Developed by Supergiant Games
Indie developer Supergiant Games released its first game, “Bastion,” in the summer of 2011, attaining critical acclaim for the title’s creative storytelling, mesmerizing hand-drawn visuals and beautiful soundtrack. Its second title, “Transistor,” lives up to the standard “Bastion” set and creates a memorable experience through its tactical gameplay, lovely visuals and powerful soundtrack.
“Transistor” has the player control Red, a scarlet-haired singer whose voice is stolen from her after an assault by a sinister group called the Camerata. After the attack, Red finds the Transistor, a sword whose blade resembles a USB drive and hosts the consciousness of the corpse in whom she found the blade embedded. Red journeys through the blocks of the futuristic utopia Cloudbank to seek vengeance against the Camerata.
The game’s narrative is explored through the voice of the Transistor, which speaks to Red throughout the game, alerting her to the enemies around her and providing commentary and context to each of the new environments they explore. With her voice stolen, Red is unable to respond, but she occasionally communicates by typing messages into various electronic polls and forums across the city, allowing her to show her emotions and train of thought. The growing relationship between Red and the Transistor adds personality to the characters and manages to cleverly incorporate the “silent hero” that many games implement.
To augment the experience that the narrative crafts, sound elements in “Transistor” are marvelously performed and may be the highlight of the entire game. Logan Cunningham, voice of the titular Transistor, makes the game feel rich with character and gives Cloudbank life, as the way he talks about the city and his protectiveness of Red comes across as startlingly human. Darren Korb crafts a stellar soundtrack that transcends genres and forms what he calls “Old-world Electronic Post-rock.” Tying the soundtrack together are the vocal performances by Ashley Barrett, who sings songs as if performed by Red, which may deliver chills to the player whenever they come on.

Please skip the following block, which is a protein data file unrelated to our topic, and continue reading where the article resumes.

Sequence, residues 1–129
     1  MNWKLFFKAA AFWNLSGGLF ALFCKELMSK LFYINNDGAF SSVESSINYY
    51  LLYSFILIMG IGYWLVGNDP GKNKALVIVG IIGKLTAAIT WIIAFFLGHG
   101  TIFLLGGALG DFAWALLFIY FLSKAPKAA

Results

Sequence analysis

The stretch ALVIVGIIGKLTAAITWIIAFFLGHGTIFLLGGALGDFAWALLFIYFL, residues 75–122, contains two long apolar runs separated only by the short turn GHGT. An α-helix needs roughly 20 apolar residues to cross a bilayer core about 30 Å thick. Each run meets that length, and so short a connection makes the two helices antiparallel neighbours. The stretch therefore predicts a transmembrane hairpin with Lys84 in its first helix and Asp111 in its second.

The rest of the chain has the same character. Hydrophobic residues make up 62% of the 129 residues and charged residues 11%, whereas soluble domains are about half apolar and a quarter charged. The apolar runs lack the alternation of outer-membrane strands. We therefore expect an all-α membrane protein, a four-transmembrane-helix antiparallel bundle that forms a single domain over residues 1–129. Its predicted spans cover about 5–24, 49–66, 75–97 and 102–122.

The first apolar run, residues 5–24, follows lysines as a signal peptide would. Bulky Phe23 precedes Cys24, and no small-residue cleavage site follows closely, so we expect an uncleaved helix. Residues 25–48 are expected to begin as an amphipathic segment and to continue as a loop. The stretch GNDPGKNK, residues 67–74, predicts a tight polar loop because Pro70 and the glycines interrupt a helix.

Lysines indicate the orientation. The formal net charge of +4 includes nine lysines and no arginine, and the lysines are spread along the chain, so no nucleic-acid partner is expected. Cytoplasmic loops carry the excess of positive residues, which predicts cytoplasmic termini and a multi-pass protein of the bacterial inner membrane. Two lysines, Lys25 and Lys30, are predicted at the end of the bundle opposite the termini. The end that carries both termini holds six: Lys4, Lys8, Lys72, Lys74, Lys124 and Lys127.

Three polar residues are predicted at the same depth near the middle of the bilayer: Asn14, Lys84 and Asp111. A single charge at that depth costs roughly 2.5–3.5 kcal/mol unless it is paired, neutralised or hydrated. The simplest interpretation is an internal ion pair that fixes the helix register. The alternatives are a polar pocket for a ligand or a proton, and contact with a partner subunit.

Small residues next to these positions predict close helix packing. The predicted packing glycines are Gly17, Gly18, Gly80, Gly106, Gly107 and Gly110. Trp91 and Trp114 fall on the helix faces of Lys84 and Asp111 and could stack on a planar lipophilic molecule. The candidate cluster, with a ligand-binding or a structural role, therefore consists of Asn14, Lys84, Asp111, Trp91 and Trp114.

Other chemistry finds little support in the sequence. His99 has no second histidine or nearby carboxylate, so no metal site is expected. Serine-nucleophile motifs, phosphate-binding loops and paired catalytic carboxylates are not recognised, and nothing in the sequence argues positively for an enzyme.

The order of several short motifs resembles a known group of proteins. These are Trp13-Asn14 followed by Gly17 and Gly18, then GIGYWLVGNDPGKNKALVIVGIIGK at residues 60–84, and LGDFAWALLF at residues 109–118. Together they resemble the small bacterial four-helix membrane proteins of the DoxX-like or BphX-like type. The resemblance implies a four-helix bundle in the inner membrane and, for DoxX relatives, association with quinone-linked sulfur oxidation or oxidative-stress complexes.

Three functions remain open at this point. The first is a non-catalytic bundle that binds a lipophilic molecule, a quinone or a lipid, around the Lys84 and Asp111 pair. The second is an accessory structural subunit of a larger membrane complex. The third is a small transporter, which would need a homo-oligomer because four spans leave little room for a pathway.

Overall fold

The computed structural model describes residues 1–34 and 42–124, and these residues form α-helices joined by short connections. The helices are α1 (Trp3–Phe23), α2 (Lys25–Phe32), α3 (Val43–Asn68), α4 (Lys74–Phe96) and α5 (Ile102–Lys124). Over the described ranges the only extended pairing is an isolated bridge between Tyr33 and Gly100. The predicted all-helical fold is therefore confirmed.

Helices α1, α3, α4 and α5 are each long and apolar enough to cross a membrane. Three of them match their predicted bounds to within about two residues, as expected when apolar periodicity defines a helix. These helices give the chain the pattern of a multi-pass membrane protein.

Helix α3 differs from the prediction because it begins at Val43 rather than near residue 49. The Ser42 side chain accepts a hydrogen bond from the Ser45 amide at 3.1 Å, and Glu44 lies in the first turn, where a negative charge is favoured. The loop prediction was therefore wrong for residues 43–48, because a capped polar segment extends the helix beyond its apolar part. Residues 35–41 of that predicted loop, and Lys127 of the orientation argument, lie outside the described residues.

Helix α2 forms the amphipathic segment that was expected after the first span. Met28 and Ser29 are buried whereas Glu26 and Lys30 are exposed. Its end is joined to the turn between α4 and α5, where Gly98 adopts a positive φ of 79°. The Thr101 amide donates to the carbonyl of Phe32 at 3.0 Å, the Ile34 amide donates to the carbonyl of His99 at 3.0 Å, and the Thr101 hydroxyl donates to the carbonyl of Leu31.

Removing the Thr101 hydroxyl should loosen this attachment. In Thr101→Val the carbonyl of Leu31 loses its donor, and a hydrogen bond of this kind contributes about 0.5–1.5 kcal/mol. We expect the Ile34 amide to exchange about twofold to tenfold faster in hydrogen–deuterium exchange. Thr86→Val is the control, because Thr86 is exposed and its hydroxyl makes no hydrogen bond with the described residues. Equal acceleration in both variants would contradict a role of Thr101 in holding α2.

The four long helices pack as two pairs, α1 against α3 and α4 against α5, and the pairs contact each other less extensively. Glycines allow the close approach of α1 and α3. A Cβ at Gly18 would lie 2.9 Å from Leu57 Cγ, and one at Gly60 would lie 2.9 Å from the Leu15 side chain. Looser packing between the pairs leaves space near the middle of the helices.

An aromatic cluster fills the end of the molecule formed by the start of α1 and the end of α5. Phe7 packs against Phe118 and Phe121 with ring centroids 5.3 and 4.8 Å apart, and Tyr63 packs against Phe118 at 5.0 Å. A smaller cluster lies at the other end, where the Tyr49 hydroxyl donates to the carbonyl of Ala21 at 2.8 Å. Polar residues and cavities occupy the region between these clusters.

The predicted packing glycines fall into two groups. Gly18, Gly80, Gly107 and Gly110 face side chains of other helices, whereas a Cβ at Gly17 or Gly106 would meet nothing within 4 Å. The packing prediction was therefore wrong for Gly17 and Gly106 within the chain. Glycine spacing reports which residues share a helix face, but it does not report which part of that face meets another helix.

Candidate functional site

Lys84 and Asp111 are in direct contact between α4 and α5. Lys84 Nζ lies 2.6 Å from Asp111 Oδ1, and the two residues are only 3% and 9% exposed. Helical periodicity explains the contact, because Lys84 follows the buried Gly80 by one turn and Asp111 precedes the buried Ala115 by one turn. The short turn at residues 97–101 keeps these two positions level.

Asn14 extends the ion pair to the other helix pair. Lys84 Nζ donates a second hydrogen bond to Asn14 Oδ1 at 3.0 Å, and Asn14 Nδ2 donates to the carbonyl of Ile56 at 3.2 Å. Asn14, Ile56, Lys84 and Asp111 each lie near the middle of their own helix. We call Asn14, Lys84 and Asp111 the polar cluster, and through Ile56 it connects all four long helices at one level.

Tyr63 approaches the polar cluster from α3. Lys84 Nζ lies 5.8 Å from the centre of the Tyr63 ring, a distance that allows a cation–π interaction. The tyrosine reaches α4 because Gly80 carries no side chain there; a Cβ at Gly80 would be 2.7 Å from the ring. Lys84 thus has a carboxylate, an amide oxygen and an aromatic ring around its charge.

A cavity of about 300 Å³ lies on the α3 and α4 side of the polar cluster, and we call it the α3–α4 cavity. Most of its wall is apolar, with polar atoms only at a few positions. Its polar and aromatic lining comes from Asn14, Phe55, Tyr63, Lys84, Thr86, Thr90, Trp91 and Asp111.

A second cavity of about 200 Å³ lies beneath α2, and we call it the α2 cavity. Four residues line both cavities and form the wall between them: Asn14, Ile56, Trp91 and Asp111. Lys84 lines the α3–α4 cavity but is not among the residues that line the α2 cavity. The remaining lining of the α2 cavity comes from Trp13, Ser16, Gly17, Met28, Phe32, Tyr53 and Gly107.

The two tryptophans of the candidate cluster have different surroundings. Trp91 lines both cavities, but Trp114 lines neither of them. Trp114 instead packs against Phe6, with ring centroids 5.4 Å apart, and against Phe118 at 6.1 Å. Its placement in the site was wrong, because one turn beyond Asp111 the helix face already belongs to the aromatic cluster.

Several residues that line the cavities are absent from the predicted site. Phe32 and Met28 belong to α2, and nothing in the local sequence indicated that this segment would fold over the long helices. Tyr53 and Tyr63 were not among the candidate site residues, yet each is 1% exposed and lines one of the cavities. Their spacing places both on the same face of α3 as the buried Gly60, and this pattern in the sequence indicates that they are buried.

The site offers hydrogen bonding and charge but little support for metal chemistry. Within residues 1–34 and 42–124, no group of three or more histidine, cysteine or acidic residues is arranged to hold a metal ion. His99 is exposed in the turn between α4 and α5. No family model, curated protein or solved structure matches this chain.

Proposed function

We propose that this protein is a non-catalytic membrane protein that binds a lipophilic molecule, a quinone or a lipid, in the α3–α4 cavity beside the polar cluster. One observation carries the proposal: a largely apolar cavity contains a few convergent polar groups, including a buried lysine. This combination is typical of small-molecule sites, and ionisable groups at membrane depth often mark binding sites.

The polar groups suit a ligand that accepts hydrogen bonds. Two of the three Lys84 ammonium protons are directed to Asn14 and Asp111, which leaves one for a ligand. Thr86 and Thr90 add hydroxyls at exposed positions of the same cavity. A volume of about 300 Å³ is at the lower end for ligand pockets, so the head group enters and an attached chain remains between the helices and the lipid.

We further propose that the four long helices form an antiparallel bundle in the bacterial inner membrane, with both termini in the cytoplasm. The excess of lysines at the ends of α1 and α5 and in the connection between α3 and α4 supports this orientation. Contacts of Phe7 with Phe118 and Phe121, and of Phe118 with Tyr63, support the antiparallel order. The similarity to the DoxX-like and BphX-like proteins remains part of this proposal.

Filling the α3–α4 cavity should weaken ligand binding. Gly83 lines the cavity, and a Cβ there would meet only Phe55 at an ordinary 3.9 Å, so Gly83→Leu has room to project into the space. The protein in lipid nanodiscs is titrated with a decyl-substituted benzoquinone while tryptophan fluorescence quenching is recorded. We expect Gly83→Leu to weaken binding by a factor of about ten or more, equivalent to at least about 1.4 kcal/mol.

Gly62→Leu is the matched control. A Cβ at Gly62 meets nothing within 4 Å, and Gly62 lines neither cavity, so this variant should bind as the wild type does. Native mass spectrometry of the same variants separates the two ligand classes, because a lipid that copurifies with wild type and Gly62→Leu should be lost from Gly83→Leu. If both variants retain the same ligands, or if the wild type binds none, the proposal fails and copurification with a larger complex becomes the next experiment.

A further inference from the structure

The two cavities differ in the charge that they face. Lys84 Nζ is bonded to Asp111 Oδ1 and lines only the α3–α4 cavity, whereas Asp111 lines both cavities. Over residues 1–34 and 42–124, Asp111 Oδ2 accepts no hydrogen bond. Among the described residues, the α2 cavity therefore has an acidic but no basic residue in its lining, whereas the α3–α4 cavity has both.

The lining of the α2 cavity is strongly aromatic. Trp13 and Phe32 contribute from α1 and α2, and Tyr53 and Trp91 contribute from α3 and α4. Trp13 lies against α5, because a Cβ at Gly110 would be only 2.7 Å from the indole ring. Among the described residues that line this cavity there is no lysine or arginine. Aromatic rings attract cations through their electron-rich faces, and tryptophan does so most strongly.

The gameplay itself largely consists of navigating the terrain and battling enemies known as the Process. The player fights with functions that each perform a specific action. Functions can be integrated into other functions, providing benefits at the cost of taking additional points from the player’s point pool. For instance, “Get()” is a function that pulls enemies toward the player and deals more damage the farther the enemy is from Red. The player can use this function or add it to another to give its pull effect. With many functions to use, all of which can apply their effects to one another and set up combos, combat mostly consists of finding and experimenting with new sets of functions.
The game also offers the ability to use “Turn(),” which allows the player to stop time, plan the assault and execute it at breakneck speeds. While “Turn()” does allow players to perform feats otherwise impossible, it leaves them without many of their functions, unable to attack for a bit afterwards. While the players can find a balance between real-time combat and the execution of “Turn(),” they can face enemies however they like.
While there are not many different types of enemies in the game, the foes upgrade over the course of the game, adding some variability. Though enemy diversity is limited, the wide range of customization in combat gives power to the player and makes combat feel engaging and adaptable.
The title is around six-to-eight hours long, but it also boasts “recursion mode,” which offers players the chance to replay the story at a higher difficulty with all their unlocked upgrades, adding time to the experience.
“Transistor” has many things going for it that help create a lasting impression for the game. That said, the game has some bugs that can cause it to crash once or twice throughout the playthrough, though these may be patched at a later time. Additionally, while the narrative by the Transistor and his relation to Red are well done, the overall plot seems to have holes that could be filled. Combat is entertaining if you let it be, as you can easily use the same functions for almost the entire game if you create a good set-up.
Nonetheless, “Transistor” is a beautiful game, supported by both its cunning narrative devices, its engaging audio tracks and its beautiful, hand-drawn visuals. The game lives up to the reputation of “Bastion” and marks another indie title that shouldn’t be missed.